Will you keep your fingers crossed for me? I just received what might be the final proof copy of A Spark of Heavenly Fire. If it’s okay, by this time next week, I will be a published author. If it’s not okay, I’m going to shoot myself.
(Just a glancing blow on a toe, perhaps. What? You thought I meant in the head? I need my head . . . where else would I put my hats?)
Seriously, though, this book has been through several proofing sessions in my effort to make it as perfect as possible. I realize perfect does not have degrees — perfect is perfect — but you know what I mean. No matter how good a job one does, there is always, always something that slips by.
Remember that Persian carpet legend and how the carpet makers purposely put a flaw in their carpets because only God is perfect? It sounds arrogant to me, as if they thought they were so perfect that they had to fake imperfection to prove . . . whatever. Still, if you happen to find a flaw in my book, just remember that it’s there on purpose. (Wink, wink.)
Publication has been a long time in coming. Years, in fact. It took a year to write A Spark of Heavenly Fire, another few months to edit, years of querying and rejections — I queried almost two hundred agents and editors. I did find an agent about three years ago, but she was worthless; she sent the book to publishers who did not carry my genre (whatever that might be). When the contract expired, I started querying other agents and editors. Still no takers.
Odd, but through it all, I believed in this book. I have doubts about my other books for some reason, but never about A Spark of Heavenly Fire. It’s spooky thinking that soon I will know if all the rejecters are right, or if I am.
At least my publisher likes the book. He said, “I was told by some other small publishers with whom I had done research that I was going to get mountains of unacceptable crap for every worthy thing I received. So when I got Pat’s manuscript for A Spark of Heavenly Fire, which was like the first submission to Second Wind, I thought, ‘OMG, is this possible?!’ I knew in the first 20 pages that she was the real thing. Then, as we corresponded, I realized where I knew that name: she and I were neck and neck throughout the FCC contest on Gather.com. I remember reading her first chapter of More Deaths Than One and thinking, ‘Oh, man. I hope her second chapter is messed up! I can’t beat this.’ Well, it just goes to show, if you can’t beat ’em, publish ’em!”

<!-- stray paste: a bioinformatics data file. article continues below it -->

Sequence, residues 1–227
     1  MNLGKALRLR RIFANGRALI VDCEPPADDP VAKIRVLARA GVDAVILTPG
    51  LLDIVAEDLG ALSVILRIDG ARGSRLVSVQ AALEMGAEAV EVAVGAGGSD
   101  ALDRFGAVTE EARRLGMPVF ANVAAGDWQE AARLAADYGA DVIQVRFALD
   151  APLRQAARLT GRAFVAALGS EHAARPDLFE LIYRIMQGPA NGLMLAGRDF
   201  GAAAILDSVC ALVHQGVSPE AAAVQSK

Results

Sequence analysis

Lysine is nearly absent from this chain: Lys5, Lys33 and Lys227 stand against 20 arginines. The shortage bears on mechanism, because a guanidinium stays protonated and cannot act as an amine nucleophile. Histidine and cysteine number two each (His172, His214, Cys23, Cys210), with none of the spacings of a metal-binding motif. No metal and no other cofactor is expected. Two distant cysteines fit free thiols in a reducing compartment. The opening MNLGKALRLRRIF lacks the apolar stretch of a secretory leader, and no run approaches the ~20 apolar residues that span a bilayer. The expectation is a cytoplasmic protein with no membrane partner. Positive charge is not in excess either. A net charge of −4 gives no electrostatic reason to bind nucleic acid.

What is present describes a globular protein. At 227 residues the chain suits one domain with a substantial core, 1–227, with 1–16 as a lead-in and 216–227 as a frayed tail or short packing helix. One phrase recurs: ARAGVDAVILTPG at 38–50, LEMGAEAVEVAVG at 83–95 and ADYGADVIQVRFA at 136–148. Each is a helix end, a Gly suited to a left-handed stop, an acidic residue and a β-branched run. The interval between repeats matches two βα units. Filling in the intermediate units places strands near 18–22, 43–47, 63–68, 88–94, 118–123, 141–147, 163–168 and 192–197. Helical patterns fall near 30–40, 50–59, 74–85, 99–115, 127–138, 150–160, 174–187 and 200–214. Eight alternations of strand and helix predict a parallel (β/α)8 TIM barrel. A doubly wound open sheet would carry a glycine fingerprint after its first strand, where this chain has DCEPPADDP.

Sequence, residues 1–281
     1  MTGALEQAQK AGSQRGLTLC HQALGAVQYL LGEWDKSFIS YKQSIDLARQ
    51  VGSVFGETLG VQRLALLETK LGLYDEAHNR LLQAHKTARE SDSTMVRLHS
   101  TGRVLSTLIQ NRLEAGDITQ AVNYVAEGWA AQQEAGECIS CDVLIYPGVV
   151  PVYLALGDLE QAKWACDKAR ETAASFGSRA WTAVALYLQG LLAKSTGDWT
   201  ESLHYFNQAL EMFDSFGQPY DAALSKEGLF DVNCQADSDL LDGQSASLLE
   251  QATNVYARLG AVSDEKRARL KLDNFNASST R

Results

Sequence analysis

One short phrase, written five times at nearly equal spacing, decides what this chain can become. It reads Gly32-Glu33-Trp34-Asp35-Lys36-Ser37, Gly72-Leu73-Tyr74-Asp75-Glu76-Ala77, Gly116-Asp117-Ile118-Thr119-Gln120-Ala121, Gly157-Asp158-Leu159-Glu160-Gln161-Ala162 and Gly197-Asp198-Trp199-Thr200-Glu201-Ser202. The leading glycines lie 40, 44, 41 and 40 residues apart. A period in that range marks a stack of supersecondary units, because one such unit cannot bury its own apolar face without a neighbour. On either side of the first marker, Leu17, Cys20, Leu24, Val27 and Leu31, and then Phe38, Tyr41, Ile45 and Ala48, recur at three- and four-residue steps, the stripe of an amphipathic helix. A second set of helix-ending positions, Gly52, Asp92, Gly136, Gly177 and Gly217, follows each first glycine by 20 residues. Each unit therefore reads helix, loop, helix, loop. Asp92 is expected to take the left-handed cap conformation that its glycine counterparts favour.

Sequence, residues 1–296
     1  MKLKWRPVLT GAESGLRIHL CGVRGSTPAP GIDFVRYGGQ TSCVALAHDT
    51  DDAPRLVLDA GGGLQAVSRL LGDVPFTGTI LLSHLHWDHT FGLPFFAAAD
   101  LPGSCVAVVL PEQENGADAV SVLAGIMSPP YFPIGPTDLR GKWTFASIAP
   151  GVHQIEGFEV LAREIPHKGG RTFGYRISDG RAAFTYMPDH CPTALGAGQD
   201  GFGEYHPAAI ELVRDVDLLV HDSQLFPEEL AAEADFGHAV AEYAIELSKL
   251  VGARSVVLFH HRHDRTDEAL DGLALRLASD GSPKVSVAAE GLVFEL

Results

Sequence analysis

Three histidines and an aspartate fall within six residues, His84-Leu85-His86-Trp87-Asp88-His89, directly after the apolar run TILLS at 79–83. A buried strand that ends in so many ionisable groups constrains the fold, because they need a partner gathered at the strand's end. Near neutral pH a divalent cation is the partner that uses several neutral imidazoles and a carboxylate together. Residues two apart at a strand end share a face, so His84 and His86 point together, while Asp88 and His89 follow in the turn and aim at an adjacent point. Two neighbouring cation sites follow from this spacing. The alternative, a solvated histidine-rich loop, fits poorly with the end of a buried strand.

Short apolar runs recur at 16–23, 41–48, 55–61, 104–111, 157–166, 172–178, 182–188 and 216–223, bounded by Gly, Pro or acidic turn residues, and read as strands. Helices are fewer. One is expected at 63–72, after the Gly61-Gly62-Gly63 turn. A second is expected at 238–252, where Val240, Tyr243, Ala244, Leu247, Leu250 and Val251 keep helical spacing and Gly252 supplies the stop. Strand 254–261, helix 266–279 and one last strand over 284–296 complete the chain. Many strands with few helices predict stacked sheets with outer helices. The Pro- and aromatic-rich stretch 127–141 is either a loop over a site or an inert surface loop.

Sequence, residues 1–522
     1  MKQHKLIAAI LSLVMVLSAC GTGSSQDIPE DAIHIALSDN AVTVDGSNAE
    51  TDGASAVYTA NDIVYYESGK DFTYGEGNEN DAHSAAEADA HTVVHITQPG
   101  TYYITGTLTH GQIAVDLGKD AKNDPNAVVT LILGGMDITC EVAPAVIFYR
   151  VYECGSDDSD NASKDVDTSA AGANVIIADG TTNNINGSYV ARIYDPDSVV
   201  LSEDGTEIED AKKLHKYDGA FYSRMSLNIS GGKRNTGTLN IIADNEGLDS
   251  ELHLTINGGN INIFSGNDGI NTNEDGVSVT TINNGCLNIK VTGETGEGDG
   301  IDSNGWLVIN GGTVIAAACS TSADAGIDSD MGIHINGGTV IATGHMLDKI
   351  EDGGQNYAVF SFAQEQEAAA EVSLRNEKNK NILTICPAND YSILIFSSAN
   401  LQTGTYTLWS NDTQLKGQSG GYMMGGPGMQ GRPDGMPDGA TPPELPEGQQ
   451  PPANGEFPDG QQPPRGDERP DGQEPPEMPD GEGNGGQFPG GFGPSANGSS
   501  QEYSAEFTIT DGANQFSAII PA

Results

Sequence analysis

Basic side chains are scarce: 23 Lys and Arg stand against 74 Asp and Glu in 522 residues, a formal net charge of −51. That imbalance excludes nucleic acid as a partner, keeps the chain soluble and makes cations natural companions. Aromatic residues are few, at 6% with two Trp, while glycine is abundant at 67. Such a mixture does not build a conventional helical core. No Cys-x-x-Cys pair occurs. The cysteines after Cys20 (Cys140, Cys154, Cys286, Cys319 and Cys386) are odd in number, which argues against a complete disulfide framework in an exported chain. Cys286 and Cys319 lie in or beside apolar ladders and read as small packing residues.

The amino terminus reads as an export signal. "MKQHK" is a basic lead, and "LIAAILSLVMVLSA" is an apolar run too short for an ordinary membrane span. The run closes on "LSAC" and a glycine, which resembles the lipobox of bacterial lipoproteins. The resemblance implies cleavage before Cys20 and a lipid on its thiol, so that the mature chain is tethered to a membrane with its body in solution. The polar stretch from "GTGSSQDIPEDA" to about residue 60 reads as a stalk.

So, I’m off to proof the book again. Here’s hoping . . .
February 12, 2009 at 3:35 pm
Don’t shoot yourself, Pat. It’s going to be okay. Readers love your blog; they’re going to love your books.
February 12, 2009 at 5:57 pm
Joylene, it’s a good thing you talked me out of shooting my foot, because as it turns out, this isn’t the final proof copy. A couple of the mistakes from the last copy didn’t get corrected, so I’ll have to submit them again.
I’m making progress, though. It used to be I was always a month away from getting published. Now I’m always two weeks away.
February 13, 2009 at 11:23 am
So glad you’re not going to shoot yourself. And so excited for you. Soon… soon… you’ll know for sure you were right.
February 13, 2009 at 7:04 pm
Pat, I think it’s natural to worry and wonder. But you are very close to your writing–all of us are. I think Spark will go far. It’s an intriguing story of ordinary people doing extraordinary things.
I think both or your books and any others you publish will always find a place in many, many homes and give hours of pleasure to your readers.
February 15, 2009 at 10:01 am
I’m having mini panic attacks over my unpublished work even in the face of Dead Witness’s success here in B.C. In my mind it wasn’t my best book. But it’s receiving great reviews. And now I find myself wondering if it’s because my protag is 38, blond and pretty. That’s sad. Especially since my last three books are about 50+ year-olds. lol
You’re going to do great, Pat.
February 15, 2009 at 11:48 am
I am learning that there is never a time when an author can sit back and enjoy the process. There is always something more to agonize over.